Author: Robert Abel / Source: SC Magazine US
While Facebook’s latest Global Government Requests Report covering the second half of 2016 is an attempt to shine light on privacy issues that go on behind the scenes, some researchers feel the report, which details the number of government requests the firm received for user data, is a reminder that stricter guidelines should be in place to protect consumers.
The report showed that requests for account data increased by nine percent – from 59,229 to 64,279 requests, globally – over first half 2016. Half of the data requests the firm received from law enforcement in the U.S. contained a non-disclosure order that prohibited Facebook from notifying the user.
Facebook also detailed the number of items of content restricted for violating local law in countries where the social media service is available and found the number of content restrictions for violating local law in countries where the social media service is available dropped by 28 percent globally, from 9,663 to 6,944, compared to the first half of 2016.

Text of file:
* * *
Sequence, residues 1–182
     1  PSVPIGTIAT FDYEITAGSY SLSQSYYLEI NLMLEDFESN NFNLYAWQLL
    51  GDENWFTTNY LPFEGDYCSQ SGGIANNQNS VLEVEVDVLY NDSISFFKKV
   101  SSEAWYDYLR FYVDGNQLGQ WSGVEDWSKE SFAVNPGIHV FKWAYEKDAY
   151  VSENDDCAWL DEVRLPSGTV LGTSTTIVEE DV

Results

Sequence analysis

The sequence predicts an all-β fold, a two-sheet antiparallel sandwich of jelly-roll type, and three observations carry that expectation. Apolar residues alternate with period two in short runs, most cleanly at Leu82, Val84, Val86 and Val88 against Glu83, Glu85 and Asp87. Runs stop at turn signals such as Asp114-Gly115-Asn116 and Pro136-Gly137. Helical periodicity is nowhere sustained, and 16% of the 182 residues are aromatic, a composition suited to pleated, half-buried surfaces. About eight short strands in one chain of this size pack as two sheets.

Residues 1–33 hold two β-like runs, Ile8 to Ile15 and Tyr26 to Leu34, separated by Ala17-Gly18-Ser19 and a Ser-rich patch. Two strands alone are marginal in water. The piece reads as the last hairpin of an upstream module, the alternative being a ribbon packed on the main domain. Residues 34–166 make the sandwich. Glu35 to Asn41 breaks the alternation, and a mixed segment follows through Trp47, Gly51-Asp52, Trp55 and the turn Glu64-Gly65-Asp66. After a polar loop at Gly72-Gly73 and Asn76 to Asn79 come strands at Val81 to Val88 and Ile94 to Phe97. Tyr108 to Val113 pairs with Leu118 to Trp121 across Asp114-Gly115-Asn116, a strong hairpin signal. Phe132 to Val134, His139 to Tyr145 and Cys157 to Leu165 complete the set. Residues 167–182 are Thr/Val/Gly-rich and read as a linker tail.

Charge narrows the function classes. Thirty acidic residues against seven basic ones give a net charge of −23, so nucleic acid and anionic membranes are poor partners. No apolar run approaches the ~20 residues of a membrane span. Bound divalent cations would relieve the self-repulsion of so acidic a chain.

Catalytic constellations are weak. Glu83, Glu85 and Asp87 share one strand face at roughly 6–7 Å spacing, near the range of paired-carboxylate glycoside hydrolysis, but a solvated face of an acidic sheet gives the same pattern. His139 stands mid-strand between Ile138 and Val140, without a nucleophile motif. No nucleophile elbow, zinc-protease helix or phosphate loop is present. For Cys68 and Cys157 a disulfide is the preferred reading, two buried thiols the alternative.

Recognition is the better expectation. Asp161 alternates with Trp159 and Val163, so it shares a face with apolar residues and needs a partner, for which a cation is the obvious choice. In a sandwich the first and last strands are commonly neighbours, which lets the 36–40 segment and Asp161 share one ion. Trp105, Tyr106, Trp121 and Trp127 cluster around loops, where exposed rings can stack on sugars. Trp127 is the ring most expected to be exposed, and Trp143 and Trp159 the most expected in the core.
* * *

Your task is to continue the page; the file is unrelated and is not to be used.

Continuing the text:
Facebook used the report to reiterate that it does not provide governments with backdoors or direct access points to users’ information. The company continues to seek ways to work with industry partners and civil society to push governments around the world to reform surveillance in a way that protects their citizens’ safety and security while respecting their rights and freedoms, the report said.
Despite reflecting tech companies’ efforts at transparency, some researchers feel that the reports symbolize the need for in-depth privacy and data usage legislation.
“Facebook is correct in calling for a methodology that is hammered out between companies, governments and consumer organizations much like the New York regulations and…
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